Four-Foot Alligator Gar Fish Caught in Kansas Is First Ever Recorded in State

An alligator gar, a large fish that is often referred to as a "living fossil," was recently caught in Kansas—the first time the species has been recorded in the state, wildlife officials said.

Angler Danny Smith caught a four-and-half-foot, 39.5-pound alligator gar specimen last month while fishing one night on the Neosho River, the Kansas Department of Wildlife & Parks (KDWP) said in a statement Tuesday.

The department said alligators are not native to Kansas and have never been officially documented in the state.

"When a lure drops below the water's surface, it's not always known what might rise to meet it. On a warm night late last month, one angler fishing the Neosho River east of Parsons caught something he probably never expected to see," KDWP said in the statement.

Alligator gars are among the largest fish in North America, commonly measuring around 6.5 feet in length. The largest-ever alligator gar on record measured around 10 feet, according to the U.S Fish and Wildlife Service (USFW.) The heaviest alligator gar ever recorded weighed 301 pounds.

The known range of the alligator gar, which is found in the Mississippi River basin, extends from southwestern Ohio, and southeastern Missouri and Illinois, to parts of the Gulf Coast and small portions of northeastern Mexico.

The fish has disappeared from much of its historic range as a result of habitat destruction and indiscriminate culling.

The name of the fish—a "voracious ambush predator," according to the USFW—refers to its distinctive alligator-like snout and sharp teeth.

Alligator gars are often referred to as "living fossils" because they can be traced back in the fossil record nearly 100 million years.

The living fossils are the largest gar fish—three species of which are native to Kansas: the longnose gar, shortnose gar and the spotted gar. The most common and largest gar species in the state is the longnose.

The latter can be distinguished from the alligator gar by their smaller overall size and narrow snout, among other characteristics.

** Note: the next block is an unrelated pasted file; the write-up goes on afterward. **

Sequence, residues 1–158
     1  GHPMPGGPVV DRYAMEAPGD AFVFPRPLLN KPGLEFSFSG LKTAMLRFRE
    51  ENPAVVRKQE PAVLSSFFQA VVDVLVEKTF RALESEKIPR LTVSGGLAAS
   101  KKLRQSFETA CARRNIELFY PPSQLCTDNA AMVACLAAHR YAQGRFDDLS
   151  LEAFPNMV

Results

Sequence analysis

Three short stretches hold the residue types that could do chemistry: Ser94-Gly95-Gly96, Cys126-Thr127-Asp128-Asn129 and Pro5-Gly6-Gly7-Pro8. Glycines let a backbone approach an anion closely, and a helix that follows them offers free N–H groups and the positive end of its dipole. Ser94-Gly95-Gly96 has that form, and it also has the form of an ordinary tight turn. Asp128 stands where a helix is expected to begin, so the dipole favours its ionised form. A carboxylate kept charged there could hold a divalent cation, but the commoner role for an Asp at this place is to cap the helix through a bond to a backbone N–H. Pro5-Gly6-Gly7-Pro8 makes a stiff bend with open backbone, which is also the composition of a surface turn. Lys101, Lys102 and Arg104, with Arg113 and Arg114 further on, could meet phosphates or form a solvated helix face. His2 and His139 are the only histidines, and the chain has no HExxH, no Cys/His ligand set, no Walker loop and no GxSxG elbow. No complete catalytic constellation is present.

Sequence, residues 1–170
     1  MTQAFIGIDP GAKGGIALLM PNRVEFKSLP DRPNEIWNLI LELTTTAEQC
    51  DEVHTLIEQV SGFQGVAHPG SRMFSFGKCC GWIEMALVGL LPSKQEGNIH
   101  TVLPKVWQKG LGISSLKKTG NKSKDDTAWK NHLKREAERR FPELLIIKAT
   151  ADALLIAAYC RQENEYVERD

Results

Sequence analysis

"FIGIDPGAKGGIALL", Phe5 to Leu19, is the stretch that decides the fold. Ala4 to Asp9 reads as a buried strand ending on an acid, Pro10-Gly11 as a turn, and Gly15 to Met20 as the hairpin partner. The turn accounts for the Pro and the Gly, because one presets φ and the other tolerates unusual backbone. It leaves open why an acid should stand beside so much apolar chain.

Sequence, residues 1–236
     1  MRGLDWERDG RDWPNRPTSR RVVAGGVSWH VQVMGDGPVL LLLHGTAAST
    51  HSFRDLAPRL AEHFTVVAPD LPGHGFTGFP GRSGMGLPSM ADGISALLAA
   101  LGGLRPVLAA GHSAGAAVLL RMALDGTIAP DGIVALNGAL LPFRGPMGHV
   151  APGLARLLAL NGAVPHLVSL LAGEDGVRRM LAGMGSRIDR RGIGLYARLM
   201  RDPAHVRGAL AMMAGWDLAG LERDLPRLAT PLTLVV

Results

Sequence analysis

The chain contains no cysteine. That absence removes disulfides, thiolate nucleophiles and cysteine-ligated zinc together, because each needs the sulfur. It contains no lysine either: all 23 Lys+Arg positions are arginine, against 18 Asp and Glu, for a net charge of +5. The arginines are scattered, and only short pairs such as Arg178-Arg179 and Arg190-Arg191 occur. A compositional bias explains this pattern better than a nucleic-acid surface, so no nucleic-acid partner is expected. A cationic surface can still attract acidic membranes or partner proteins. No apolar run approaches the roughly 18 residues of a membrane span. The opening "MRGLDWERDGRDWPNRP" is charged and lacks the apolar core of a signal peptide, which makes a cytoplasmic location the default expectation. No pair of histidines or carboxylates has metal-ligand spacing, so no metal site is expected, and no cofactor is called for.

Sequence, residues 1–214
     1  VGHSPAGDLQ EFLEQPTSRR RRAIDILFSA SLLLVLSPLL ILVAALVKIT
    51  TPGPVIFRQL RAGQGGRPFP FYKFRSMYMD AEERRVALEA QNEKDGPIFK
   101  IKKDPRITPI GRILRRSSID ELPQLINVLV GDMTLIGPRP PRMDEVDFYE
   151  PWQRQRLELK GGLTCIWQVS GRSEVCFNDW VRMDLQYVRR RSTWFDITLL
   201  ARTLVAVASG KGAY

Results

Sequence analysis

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KDWP Fisheries biologists are now attempting to answer the question of where the alligator gar caught by Smith in the Neosho River came from.

"We're confident the information from the angler is accurate and the fish was, in fact, caught from the Neosho River," KDWP Fisheries biologist Connor Ossowski said in a statement. "However, that doesn't mean the fish originated from the river."

Biologists are now working to understand whether the fish came from an existing population in another state, or if it was introduced to Kansas by humans.

Officials say it would have been difficult for this fish to have reached Kansas naturally given that the nearest population is far away, as well as the fact that the river has a series of dams.

Among the plausible scenarios is that the alligator gar was released from an aquarium, KDWP officials said.

"It's not unlikely that this fish was once somebody's pet or purchased from a pet store, and simply released into the river once it became too large," Doug Nygren, KDWP Fisheries Division director, said in a statement.

Newsweek has contacted the Kansas Department of Wildlife & Parks for comment.

An alligator gar fish
Stock image showing an alligator gar. A four-and-half-foot, 39.5-pound alligator gar was caught in Kansas last month, according to officials. iStock